Print Friendly, PDF & Email

About Gwyneth Llewelyn

I’m just a virtual girl in a virtual world…

  • Hm – I was interested in A Tales Of The Desert, but really, if you’re going to have an RPG where lawmaking is a major point and you need to gather support for your laws (which is certainly interesting) I would say you need to have appropriate social interaction tools, at least if people are meant to be roleplaying. Otherwise you’ve just got a big online game of Nomic or something like that.

    It wouldn’t surprise me at all that SL avatars behave roughly like humans in terms of personal space and movement, though I imagine the distances are a bit greater, everything’s larger in SL after all and the camera angle means that someone a metre away from you seems uncomfortably close. But I routinely wander around trying to get into an appropriate spot to speak to somebody, and I’ve lost count of the number of times people have said “excuse me” after bumping into me entirely accidentally, when we were both quite aware that it was just the clumsiness of the controls.

    Granted that Caledon may be unusual there, but my mainland experience also bears that out. In fact, I recall from living on the mainland that people who *didn’t* do that seemed a little suspicious. If someone doesn’t display a personal attachment to their avatar and respect for yours, by mimicking RL social norms, you wonder what else they might do… SL sociopathy. (Making allowances for very new residents, of course, with their charming habit of walking across everything, completely silent when asked things, and vanishing at random points.)

  • What can I say more, Ordinal? I totally agree with you on *all* points!

    In spite of what you said, A Tale of a Desert seems to be pretty popular. Eventually there are areas where you get better camera controls, who knows.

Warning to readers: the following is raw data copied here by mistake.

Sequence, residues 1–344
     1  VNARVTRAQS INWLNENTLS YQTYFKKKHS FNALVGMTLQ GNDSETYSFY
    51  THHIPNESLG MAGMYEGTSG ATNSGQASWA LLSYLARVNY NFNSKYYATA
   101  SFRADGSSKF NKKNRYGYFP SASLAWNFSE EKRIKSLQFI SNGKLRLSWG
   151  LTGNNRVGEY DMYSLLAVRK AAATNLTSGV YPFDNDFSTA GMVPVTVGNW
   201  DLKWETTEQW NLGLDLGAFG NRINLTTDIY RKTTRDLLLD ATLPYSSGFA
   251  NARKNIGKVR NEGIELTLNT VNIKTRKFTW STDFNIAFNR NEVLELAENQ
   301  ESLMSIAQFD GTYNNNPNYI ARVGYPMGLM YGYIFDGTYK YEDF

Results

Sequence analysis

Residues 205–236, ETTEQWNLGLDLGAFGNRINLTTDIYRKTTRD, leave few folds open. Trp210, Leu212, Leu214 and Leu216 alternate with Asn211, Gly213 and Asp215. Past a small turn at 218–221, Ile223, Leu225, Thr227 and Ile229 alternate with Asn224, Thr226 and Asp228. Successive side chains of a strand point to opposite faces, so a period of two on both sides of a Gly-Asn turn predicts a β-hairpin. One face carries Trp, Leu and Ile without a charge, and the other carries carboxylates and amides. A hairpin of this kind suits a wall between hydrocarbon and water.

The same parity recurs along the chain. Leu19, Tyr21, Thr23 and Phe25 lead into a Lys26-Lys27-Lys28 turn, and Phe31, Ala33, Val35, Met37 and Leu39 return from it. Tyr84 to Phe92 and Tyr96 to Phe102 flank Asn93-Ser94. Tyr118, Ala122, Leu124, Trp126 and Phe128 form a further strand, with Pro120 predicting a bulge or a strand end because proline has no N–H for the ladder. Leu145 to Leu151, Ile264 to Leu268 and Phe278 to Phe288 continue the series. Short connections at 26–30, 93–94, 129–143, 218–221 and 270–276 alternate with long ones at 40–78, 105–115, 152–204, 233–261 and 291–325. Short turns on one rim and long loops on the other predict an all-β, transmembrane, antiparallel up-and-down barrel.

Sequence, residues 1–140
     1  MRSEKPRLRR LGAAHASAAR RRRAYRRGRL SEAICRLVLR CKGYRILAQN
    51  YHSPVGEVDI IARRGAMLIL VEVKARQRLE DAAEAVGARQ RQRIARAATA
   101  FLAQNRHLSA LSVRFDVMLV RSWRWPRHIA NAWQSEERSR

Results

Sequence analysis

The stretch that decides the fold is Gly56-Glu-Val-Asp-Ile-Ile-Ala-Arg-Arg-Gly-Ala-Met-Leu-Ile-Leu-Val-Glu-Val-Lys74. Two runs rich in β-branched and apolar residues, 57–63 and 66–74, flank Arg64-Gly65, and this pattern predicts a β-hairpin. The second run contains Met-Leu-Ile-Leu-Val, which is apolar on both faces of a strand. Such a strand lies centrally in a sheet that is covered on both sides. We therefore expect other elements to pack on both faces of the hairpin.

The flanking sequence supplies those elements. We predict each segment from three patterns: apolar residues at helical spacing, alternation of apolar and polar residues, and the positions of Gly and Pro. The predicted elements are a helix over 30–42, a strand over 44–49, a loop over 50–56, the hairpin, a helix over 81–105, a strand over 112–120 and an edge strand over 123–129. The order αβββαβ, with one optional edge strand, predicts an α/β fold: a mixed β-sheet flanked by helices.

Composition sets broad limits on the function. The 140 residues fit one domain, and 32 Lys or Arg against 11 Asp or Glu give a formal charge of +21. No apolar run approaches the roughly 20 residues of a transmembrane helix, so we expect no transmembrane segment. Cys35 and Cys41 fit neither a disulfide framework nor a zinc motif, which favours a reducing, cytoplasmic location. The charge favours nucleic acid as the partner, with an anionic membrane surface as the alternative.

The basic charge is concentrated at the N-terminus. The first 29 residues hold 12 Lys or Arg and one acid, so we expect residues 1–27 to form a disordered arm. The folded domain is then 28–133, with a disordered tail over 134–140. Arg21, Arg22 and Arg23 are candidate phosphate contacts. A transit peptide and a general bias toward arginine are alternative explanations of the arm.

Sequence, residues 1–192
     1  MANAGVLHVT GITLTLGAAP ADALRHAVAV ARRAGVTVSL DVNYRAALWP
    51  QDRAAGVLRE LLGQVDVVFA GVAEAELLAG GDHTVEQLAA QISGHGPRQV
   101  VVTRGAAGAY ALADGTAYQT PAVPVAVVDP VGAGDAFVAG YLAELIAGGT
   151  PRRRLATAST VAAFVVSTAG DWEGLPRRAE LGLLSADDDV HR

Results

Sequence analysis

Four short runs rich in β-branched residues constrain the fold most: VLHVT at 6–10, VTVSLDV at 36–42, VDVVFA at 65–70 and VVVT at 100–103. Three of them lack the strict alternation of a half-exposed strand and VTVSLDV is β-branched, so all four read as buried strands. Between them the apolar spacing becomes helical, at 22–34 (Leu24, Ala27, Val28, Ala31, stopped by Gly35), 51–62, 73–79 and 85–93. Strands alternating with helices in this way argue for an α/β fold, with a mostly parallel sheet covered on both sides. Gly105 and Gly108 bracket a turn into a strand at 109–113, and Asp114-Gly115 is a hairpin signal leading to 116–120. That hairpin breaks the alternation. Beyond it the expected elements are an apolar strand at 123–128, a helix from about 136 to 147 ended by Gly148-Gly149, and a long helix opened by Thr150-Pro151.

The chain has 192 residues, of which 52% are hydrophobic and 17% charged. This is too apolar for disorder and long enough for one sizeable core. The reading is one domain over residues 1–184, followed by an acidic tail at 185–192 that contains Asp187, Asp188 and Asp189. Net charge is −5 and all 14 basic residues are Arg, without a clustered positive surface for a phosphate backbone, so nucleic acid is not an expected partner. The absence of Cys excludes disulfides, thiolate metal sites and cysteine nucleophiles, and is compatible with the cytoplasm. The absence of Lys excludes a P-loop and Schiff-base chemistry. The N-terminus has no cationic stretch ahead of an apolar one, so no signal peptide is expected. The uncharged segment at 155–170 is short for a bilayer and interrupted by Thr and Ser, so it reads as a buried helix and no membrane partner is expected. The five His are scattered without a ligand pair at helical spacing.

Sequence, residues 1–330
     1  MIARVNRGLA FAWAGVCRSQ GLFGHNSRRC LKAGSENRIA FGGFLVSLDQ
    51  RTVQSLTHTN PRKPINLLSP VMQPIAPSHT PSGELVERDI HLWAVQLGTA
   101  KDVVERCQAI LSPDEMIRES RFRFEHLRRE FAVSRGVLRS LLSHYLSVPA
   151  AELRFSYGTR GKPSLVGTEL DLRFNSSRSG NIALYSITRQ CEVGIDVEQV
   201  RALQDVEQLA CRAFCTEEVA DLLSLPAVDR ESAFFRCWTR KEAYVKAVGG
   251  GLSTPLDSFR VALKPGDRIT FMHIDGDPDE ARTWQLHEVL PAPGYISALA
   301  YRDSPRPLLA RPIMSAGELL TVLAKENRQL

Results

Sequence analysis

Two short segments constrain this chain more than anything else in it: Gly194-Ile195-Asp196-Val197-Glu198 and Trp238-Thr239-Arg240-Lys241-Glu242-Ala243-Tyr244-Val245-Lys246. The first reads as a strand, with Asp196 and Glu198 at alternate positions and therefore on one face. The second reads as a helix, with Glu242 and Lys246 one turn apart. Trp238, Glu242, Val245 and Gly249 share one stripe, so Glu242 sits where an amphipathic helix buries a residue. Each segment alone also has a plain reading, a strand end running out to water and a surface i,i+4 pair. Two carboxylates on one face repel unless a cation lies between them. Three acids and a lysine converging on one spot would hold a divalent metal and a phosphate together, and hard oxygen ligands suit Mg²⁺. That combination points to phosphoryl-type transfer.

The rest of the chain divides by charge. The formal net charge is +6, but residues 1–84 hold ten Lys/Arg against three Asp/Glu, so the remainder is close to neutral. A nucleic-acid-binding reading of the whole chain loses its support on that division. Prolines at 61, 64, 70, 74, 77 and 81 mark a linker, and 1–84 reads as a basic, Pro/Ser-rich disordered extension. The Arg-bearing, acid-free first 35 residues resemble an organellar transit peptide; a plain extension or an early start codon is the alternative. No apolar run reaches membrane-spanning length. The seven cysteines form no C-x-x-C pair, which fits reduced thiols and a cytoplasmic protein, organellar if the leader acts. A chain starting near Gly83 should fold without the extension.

The social norms you allude to should really be more studied and researched. There is a good paper on that 🙂

  • Extropia DaSilva

    Great essay, Gwyn!

    Funnily enough, something happened to me in SL not so long ago, that sums up what you talked about. I was speaking to a guy who had recently joined Sl (and I mean ‘recently’, like he had joined an hour ago). Well, anyway, during our conversation, he walked up so close that we were touching, and I took a step back. Well, our social conventions have been pruned by tens of thousands of years-worth of biological and cultural evolution. It’s not all that surprising that we continue to behave similarly through our VR representations.

    I was wondering if you are aware of another seemingly unconscious behaviour that gamers adopt? I can’t remember who first noted this, but basically gamers tend to adopt different postures for the interactive sections of games and the cutscenes that drive the plots. While playing the interactive parts, gamers tend to be sat up, leaning towards the TV. But when the cutscenes kick in, they invariably put down the controller and lie back in a more relaxed fashion.

    Next time you play a videogame, you just might find that you too switch positions as the game moves from interactive gameplay to passive cutscenes:)